Three years and 10000 little plates of food later (many rejected or worse, wounding up on the floor), I can say I know a thing or two about feeding kids. It was a long and arduous road but today I can confidently say that at the age of three my son chows down on sushi, butter chicken, fish, kale (this was a tough one), smoothies, almond croissants, and brie on sourdough, to name a few. (He also loves your typical spaghetti, chicken strips, pizza, fries and ketchup.) He is eagerly awaiting the day when he can finally try coffee and wine 😂. Here are five things that have worked for me as I’ve tried to raise my own little foodie.
1 | Expose them to different flavours early on, and keep exposing them
There is a theory that it can take up to 100 or more exposures to a food before a child will tastes it. Being persistent in exposing your child to foods you would like them to eat is half the battle. It’s easy to get discouraged when your child rejects the kale or the shrimp that you keep putting on their plate for the 50th time, but just think, each exposure is getting your child a step closer to trying it. One day, they just might pick up their fork, and discover a new favourite.
2 | Read books about food
Reading books about different foods is another way to expose them to food. It allows children to become familiar with food names, and will bring excitement when they see the foods in real life. Our favourites include Eating the Alphabet, This is How We Do It, and the Very Hungry Caterpillar When you go to the grocery store, ask them to identify the different food items you’ve read about. Many times, it’s about familiarity when it comes to trying new foods. The more familiar the child is with the food, the more willing they will be to try it.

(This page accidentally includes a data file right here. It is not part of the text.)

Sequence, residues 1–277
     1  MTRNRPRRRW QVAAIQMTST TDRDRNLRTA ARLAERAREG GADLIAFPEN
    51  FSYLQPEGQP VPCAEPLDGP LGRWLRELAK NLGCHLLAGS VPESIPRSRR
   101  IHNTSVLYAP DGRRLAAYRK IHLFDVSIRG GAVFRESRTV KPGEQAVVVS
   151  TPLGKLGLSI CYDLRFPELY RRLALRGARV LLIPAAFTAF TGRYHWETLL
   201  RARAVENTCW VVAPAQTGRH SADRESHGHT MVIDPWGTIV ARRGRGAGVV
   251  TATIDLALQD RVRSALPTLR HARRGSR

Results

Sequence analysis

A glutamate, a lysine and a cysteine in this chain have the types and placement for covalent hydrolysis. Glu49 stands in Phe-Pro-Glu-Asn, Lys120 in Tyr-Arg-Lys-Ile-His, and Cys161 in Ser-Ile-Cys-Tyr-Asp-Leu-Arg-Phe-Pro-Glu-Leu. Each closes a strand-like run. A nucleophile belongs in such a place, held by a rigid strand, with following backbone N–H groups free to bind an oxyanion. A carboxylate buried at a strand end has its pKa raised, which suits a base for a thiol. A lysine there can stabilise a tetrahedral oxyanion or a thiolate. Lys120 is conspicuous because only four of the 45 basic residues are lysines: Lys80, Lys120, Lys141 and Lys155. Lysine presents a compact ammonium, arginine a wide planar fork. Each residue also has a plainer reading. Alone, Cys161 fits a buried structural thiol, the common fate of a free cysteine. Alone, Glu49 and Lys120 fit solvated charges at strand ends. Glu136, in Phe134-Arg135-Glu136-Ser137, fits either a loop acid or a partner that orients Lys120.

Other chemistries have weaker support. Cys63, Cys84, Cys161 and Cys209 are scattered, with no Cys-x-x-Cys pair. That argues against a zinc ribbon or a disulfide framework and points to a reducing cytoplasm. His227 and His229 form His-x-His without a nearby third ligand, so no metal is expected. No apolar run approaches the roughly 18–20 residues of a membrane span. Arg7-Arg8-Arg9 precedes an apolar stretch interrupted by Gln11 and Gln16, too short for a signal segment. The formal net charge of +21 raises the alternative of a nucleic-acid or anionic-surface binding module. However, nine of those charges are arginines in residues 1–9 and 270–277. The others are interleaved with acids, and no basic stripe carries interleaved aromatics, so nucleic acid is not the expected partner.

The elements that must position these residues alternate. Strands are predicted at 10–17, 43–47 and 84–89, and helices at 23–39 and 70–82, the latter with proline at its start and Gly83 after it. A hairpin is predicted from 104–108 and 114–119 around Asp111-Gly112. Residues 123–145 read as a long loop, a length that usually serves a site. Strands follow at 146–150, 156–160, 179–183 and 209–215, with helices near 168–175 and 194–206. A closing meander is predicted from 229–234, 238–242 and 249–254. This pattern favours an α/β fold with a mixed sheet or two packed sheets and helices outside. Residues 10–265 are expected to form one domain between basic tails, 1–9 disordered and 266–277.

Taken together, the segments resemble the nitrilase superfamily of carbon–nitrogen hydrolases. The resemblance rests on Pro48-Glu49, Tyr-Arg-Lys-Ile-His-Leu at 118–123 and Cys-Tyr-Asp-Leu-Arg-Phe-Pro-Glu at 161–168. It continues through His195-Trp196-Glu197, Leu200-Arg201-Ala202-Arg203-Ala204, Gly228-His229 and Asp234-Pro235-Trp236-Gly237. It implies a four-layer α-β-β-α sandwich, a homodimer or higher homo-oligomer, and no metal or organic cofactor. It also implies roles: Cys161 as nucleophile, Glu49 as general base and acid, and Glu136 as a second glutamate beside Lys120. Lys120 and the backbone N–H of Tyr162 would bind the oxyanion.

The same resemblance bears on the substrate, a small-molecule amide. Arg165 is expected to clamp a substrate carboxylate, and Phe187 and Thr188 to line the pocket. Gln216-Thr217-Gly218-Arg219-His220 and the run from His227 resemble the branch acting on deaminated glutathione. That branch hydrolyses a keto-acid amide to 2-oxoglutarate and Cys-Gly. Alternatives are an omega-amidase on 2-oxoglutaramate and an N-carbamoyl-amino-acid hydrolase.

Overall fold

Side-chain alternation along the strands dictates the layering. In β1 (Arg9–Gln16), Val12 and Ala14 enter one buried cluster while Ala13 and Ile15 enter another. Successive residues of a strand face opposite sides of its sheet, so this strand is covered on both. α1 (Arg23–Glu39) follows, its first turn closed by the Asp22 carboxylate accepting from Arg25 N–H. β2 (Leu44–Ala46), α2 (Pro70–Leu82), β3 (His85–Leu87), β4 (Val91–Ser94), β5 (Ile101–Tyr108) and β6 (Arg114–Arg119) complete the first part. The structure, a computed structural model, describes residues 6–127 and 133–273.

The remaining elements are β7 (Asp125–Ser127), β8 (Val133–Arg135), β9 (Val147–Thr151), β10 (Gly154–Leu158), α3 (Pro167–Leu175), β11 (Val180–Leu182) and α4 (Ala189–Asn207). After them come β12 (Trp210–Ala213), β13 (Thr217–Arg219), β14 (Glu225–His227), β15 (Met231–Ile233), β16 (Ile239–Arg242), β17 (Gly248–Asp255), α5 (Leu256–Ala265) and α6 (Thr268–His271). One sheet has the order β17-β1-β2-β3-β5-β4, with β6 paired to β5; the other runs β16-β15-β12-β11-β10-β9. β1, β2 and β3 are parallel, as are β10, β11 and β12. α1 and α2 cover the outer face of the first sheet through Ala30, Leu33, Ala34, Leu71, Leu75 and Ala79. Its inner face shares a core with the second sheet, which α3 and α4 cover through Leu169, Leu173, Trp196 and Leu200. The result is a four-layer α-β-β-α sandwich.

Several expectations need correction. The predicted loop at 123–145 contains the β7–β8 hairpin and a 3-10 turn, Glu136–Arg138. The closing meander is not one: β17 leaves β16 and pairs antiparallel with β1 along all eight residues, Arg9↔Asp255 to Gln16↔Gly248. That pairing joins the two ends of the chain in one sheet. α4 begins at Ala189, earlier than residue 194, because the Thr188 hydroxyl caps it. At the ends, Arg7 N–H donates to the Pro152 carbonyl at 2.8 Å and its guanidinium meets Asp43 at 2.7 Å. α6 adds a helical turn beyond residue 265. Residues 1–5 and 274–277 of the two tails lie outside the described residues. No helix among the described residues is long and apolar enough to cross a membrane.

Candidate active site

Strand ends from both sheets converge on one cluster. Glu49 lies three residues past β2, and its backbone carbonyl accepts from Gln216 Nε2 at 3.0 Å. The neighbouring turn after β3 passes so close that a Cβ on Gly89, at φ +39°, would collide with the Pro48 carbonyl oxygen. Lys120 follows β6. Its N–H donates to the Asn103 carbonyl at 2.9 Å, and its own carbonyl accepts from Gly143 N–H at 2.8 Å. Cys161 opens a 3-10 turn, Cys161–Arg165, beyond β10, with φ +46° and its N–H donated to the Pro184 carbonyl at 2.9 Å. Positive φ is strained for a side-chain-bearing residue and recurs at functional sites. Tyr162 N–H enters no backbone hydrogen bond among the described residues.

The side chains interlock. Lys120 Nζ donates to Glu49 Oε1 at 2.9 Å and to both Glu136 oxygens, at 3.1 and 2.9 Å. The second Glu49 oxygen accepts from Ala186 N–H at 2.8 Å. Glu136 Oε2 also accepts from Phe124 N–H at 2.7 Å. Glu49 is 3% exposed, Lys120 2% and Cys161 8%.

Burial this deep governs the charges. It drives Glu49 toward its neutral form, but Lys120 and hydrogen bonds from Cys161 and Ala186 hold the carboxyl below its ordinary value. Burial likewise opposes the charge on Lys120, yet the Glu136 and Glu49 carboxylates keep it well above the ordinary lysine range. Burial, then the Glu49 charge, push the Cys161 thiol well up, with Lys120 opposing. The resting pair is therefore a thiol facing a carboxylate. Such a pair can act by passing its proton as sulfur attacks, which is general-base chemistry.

3 | Include them in the kitchen
Young children are able to help out in the kitchen as early as 2 years old. Get them up on the counter with you to see how you make coffee, fry an egg, or tear leafy greens for a salad. Get them to make the weekly menu with you. Flip through cookbooks together. Ask them to pour the salad dressing, chop a banana (with a dull knife), add toppings to a pizza, sprinkle the salt. Here is a great guide to age appropriate kitchen activities.
4 | Create positive memories around food
While getting a toddler to eat can quickly become a power struggle that causes stress for both parties, try to be intentional about creating positive memories around eating. Start with the dinner table; as often as you can, and make it a special thing. Eat together without distractions (ie no screens). If you want to get fancy, light a candle, dress your table with a white table cloth, and play some dinner music. Quality time during meals is one of the most important things you can do to promote good eating.
Other practical tips include providing some fun utensils and plates, celebrating milestones, holidays and birthdays with special foods, and going on fun food outings. I like to take my son on monthly “pastry hunts” in search of some of the city’s best desserts. This is a great resources on how to make eating fun.
5 | Exemplify your love for food
Children learn by example and by watching. Your own appreciation for food teaches them that food can be a source of joy. Each time you whisper mmmm at a tasty bite, or show excitement about trying something new, or laugh with others around a big dinner table, you are demonstrating that food can be a powerful connector. At the end of the day, raising a little foodie is about exemplifying a universal, shared love for the things that bring people together.
Photos by Gable Mak Photography